October 13, 2022
Staying warm key to surviving winter emergency
‘You need to be doing something, but really sometimes doing nothing is the best thing’
Winter is just around the corner, bringing with it colder weather, snow and ice — are you prepared?
While the leaves are still orange and red and the breeze just slightly cool, truckers may not want to think about the sub-zero conditions or frigid, icy and snow-packed routes that many will journey in the upcoming months. However, properly planning for winter driving may well save your life if you’re ever stranded in the cold.
“It’s the mentality that, ‘It’ll never happen to me,’ but in reality it happens to somebody,” said Reliance Partners Vice President of Safety Robert Kaferle.
Weather can change without warning, especially during the winter. The best way to avoid being stranded is to check the weather forecast before starting the day and, if possible, avoid routes prone to winter weather hazards.
Cross-country truckers, Kaferle explained, will often take more Southern routes to avoid the snow-capped Rocky and Sierra Nevada mountains when conditions worsen. Though it tacks on extra miles, it’s well worth it to reduce the risk.
Even after you do your best to check the weather and avoid potentially unsafe routes, you might find yourself stranded in a snow-covered traffic jam this winter. If you are faced with this situation, remember it’s wise to remain in the vehicle. While it might be tempting to try to brave the inclement weather to get to a truck stop, if you’re unfamiliar with the area, this is a risk not worth taking.
“Every year I read about people stranded in the mountains of California or somewhere that got lost,” Kaferle said. “And though authorities find their vehicle, the drivers decided to walk away. It’s tragic. Help will find you a lot quicker if you stay where you’re at instead of moving around.”
With today’s technology, a trucker’s company is likely to know their position already, but it’s still advisable to alert them of the situation. In the age of smartphones, keeping in touch with one’s family has also never been easier.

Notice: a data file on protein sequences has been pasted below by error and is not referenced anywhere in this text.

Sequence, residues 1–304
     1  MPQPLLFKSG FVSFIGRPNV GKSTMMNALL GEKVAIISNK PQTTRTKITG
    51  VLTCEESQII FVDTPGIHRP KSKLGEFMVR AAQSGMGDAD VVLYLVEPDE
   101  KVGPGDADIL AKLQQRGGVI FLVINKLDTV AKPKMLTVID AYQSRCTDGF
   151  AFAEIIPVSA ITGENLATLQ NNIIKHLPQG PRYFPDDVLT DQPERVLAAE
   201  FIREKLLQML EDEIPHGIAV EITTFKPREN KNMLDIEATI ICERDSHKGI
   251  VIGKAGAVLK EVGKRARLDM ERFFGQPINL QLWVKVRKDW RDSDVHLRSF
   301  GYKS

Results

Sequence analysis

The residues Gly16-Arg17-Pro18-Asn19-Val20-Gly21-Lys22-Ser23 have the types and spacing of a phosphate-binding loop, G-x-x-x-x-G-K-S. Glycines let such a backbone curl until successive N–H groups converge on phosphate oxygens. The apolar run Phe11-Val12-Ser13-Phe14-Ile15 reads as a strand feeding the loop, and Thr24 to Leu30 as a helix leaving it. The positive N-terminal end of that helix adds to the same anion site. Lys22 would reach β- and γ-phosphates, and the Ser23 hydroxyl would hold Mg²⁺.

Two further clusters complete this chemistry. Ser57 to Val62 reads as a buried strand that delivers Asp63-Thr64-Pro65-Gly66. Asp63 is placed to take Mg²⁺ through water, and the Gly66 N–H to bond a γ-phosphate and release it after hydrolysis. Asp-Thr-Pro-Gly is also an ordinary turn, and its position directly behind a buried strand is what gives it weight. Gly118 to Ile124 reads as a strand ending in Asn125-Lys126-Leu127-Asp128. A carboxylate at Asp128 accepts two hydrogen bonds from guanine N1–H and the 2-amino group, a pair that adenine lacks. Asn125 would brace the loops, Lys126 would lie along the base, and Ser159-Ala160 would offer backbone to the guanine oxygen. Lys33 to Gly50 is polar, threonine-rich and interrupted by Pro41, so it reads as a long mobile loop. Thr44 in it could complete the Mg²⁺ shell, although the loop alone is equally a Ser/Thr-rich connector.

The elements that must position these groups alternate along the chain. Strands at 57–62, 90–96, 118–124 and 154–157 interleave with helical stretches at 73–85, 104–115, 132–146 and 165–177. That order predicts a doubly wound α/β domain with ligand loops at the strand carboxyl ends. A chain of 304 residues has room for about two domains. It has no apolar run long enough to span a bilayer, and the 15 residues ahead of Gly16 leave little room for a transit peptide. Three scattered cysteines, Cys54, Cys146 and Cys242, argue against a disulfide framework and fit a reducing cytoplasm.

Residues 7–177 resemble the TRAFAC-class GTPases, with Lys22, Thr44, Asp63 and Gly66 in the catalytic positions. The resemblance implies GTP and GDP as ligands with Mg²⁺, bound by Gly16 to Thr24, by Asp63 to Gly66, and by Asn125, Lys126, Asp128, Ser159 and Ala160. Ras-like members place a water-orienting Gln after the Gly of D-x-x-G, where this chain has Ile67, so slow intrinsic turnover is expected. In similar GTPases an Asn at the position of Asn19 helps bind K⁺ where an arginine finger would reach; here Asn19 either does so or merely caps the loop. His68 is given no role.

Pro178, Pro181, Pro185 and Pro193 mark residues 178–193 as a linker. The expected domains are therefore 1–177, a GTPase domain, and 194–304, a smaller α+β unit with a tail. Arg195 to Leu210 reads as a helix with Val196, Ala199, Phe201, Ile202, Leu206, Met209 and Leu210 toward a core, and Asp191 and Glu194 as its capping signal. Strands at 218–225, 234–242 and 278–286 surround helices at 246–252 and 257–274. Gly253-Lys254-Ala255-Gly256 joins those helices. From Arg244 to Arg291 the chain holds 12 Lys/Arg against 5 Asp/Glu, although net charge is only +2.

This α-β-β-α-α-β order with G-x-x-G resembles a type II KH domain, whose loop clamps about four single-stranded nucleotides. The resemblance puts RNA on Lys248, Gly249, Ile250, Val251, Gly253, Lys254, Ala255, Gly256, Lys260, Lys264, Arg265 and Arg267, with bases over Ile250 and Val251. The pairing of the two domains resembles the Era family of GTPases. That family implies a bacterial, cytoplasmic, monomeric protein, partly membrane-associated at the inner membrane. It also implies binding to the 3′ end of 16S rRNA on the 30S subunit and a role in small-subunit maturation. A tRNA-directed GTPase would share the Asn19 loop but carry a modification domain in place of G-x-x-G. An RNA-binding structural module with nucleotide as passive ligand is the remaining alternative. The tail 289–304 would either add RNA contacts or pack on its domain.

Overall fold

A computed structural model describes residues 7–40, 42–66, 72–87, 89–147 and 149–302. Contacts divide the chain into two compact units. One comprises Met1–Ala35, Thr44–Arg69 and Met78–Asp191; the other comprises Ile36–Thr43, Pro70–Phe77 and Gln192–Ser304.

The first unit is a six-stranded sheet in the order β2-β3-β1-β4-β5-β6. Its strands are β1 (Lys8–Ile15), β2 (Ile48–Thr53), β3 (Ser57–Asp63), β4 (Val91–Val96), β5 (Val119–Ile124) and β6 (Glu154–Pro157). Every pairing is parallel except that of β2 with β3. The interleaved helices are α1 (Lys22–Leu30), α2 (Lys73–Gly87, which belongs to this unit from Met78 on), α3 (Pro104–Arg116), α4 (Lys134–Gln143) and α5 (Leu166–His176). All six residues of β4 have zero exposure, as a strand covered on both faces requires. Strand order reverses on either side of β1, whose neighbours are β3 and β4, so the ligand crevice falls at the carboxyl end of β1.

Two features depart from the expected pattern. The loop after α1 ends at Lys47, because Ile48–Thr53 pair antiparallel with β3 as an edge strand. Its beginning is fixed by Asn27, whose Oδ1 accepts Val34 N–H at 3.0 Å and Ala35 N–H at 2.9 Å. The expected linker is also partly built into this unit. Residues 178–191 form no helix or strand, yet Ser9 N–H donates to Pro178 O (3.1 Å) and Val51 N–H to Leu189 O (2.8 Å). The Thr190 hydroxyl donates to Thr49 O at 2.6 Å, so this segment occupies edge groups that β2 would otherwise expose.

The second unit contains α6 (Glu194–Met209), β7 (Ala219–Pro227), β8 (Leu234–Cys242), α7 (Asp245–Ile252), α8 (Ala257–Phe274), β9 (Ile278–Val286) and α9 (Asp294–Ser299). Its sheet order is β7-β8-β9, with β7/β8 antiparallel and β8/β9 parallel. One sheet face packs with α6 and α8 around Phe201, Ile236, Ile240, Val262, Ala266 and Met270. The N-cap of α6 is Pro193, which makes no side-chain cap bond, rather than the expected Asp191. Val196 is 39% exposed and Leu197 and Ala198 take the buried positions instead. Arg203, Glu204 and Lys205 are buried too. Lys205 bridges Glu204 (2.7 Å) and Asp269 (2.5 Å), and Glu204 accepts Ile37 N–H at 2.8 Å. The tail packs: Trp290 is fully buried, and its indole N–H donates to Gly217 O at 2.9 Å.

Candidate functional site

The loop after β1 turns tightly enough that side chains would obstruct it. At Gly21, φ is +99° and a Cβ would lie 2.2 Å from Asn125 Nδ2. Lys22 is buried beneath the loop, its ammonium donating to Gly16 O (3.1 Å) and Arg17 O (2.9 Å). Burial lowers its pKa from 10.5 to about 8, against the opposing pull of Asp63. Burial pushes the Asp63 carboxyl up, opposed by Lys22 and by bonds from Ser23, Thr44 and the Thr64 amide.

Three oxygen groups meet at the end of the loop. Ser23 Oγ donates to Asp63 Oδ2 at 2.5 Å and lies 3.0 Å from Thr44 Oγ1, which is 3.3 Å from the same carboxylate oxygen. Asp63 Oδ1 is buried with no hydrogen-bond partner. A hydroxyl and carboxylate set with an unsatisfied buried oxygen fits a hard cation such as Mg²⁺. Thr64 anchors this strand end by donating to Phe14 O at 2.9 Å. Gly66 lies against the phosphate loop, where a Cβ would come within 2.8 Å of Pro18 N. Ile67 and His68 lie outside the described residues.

Kaferle said a trucker’s goal is to be self-sufficient until somebody can help, which is generally 24-48 hours — but maybe longer.
“There’s all kinds of things that can save your life that don’t cost much nor necessarily weigh a lot or take up space,” Kaferle said.
Winter gear you can’t go without
Stock up your pantry
- Water — multipack bottles or gallon jugs.
- Nonperishable food and snacks.
- Nothing too fancy — granola bars, sandwiches, chips and beef jerky will do just fine. Consider meals that can be easily prepared without much heating or cooking.
Layers, layers, layers
- Jackets, sweatshirts, coats — wear multiple layers.
- Thermal pants.
- Thermal socks.
- Beanie/toboggan hat.
- Insulated face mask.
- Hand and foot warmers.
- Mylar emergency blanket.
Heat sources and safety devices
- Electric space heater.
- Carbon monoxide detector.
- Fire extinguisher.
- Safety flares and triangles.
Candles, too, are quite useful. The inexpensive light source can provide ample heating and even be used to heat up water. But remember to keep a window slightly open for ventilation at all times when using candles, as Kaferle warns of the dangers of asphyxiation.
On a similar note, regarding space heaters, use only an electric space heater when heating the inside of a vehicle as it doesn’t emit carbon monoxide. Regardless, ventilation is still advised.
Kaferle also suggests not covering your windows to shield yourself from the cold. Though it seems like a rational solution, it’s important to maintain visibility, not only for you to monitor the situation outside but also for first responders and others to easily check on your well-being.
- Phone charger.
- Fully charged portable charger (battery) for USB devices.
- Weather radio.
- Toilet paper.
- Hand sanitizer.
- Books and magazines.
- Downloaded podcasts and music.
“You need to be doing something, but really sometimes doing nothing is the best thing,” said Kaferle in advising drivers to keep themselves entertained until help arrives.
Be sure to have a collection of books or magazines on board and consider downloading a few podcasts via Wi-Fi at the next truck stop you visit.
Lastly, Kaferle said to remember to update your log book with your current duty status.
“You need to make a notation in your hours of service so your company knows exactly what’s going on at that time,” said Kaferle, noting that making updates immediately rather than later will help you keep the record straight. “It’s clear today what happened … but seven days in the future, you may not be able to remember.”
CFR Section 395.1 outlines weather exemptions when driving conditions worsen and during emergency situations. In short, during adverse conditions in which the driver cannot safely complete their run within their maximum driving time or duty time, the trucker may be allowed or required to drive no more than two additional hours beyond the maximum allowed hours to complete their run or reach a place of safety.
Kaferle said he would say something like “Utilizing Adverse Condition Exemption” to show the extra time on logs. In addition, he suggests notifying your company and receiving authorization so that it is aware of the 11-hour-rule violation that will show up on your internal log audits.